An urgent rescue operation is being launched to save some of Rome's most important ancient ruins, including the palace where Julius Ceasar once lived, from the ravages of increasingly violent rainstorms that are undermining their foundations.
Archaeologists fear that buildings on the Palatine Hill, most more than 2,000 years old, are becoming dangerously unstable and pose an increasing risk to the 3.5 million tourists who visit the area each year.
Repairs could take up to 10 years, engineers have said, and are expected to cost between €100 and €200 million (£68 and £136 million) - a small price to pay, they say, to preserve some of Rome's historical treasures.
These include the towering Palace of Septimus Severus, the Domus Augustana, where the emperors lived, and traces of an iron-age village where legend has it the city's founders, Romulus and Remus, were once suckled by a wolf.
"We need to do the same as Greece did 30 years ago, with the Acropolis, whose problems were a lot less than ours," said Carlo Giavarini, a conservation engineer at La Sapienza University who is involved in the rescue plan.
"The first thing we have to do at the Palatine is understand how to divert the water that is undermining the walls. The ancient Romans knew how to do it, but not us."
A maze of 2,000-year-old irrigation tunnels runs beneath the hill as part of the complex original plumbing for which the Romans were famed. But they are largely unmapped and have become blocked or have broken in many places. One of the first challenges will be to find ways to dig out these aged drainage systems and link them to new ones serving the half-square-mile area.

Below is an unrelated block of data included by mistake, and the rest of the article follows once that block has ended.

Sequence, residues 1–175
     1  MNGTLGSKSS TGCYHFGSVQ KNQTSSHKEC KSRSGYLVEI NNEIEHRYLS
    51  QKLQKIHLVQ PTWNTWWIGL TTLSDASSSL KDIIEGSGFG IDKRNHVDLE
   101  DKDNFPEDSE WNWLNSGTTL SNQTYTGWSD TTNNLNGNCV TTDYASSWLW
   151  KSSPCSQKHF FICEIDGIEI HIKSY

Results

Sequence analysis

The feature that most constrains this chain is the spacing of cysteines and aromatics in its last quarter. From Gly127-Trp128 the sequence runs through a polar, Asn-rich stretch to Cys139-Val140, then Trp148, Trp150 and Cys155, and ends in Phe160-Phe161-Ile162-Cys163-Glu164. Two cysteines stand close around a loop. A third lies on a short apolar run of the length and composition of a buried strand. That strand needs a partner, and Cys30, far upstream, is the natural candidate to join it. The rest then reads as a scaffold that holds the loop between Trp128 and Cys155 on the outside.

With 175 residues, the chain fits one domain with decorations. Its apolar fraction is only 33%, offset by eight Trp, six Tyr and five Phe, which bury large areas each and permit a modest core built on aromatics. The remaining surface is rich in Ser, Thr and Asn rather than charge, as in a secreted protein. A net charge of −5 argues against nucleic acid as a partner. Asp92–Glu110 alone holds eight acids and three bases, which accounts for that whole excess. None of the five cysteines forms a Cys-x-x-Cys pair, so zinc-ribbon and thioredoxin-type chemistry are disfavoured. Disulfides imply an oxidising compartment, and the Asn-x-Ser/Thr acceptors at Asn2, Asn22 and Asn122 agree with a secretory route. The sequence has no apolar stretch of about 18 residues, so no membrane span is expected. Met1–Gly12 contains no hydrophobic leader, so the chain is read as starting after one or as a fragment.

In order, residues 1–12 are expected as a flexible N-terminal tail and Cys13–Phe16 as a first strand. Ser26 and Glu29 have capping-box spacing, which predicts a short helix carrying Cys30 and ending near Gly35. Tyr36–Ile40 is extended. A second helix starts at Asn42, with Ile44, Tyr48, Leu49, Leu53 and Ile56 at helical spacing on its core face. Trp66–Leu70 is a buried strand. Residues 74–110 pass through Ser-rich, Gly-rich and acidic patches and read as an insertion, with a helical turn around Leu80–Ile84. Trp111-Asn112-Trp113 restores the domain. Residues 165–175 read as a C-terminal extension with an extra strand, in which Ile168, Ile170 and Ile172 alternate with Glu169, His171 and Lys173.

Romans were shocked earlier this month when a 15ft section of a wall, one side of a passageway along which visitors walk to the Forum, collapsed. The wall was just 5ft high - lower than most of the structures in the area - and nobody was hurt, but its collapse heightened fears that more serious accidents involving higher buildings could occur.
Although the wall was just 500 years old and may have been put up by the Renaissance equivalent of cowboy builders, engineers discovered extensive damage to its foundations caused by water seepage. There are ominous signs of similar damage to other, older buildings. Angelo Bottini, the archaeological superintendent of the area, said the collapse was "a very loud alarm bell".
Other areas were at risking of falling down, he said, "and this time they could fall on to the crowds of visitors".
Rome has been hit by increasingly violent storms in recent years, thought to be caused by rising temperatures in the Mediterranean. Last week it suffered yet another - ripping trees from the ground and triggering flooding and landslides in the north of the city.
Prof Giampiero Maracchi, a leading climatologist, said: "In general it is raining less, but there has been a change in the intensity of the rainfall. In the past if it rained for a few hours the most you would get deposited would be up to 40 millimetres (1.5ins). Now it is often between 80 and 100 millimetres."
It is not just the risk to visitors behind the drive to restore the buildings, nor even the fact that the site contains some of Rome's most beautiful frescoes: the desire to save the heart of what was once the Roman empire goes to the heart of the Italian psyche.
"Don't tell me that we have to protect these sites only because they draw visitors and make money," said Rocco Buttiglione, the culture minister. "We have to do it because they are part of our soul."
In the first stage of the restoration drive, a team of Italy's foremost archaeological engineers has been set up to conduct a nine-month survey and search for underground weaknesses and fault lines.
"First we have to do the diagnosis, then we have to treat the patient," said Prof Giorgio Croci, the chief engineer on the project, who led the team which stabilised the Basilica of St Francis in Assisi, following the 1997 earthquake.
"We have to go carefully as these remains need to be treated very delicately indeed - but at least the Palatine is finally being treated as a priority."
Prof Croci, who has travelled the globe advising governments on how to protect ancient monuments, added: "Italians are the best in the world at doing this kind of thing, so it is important that we should be also be seen putting our own house in order."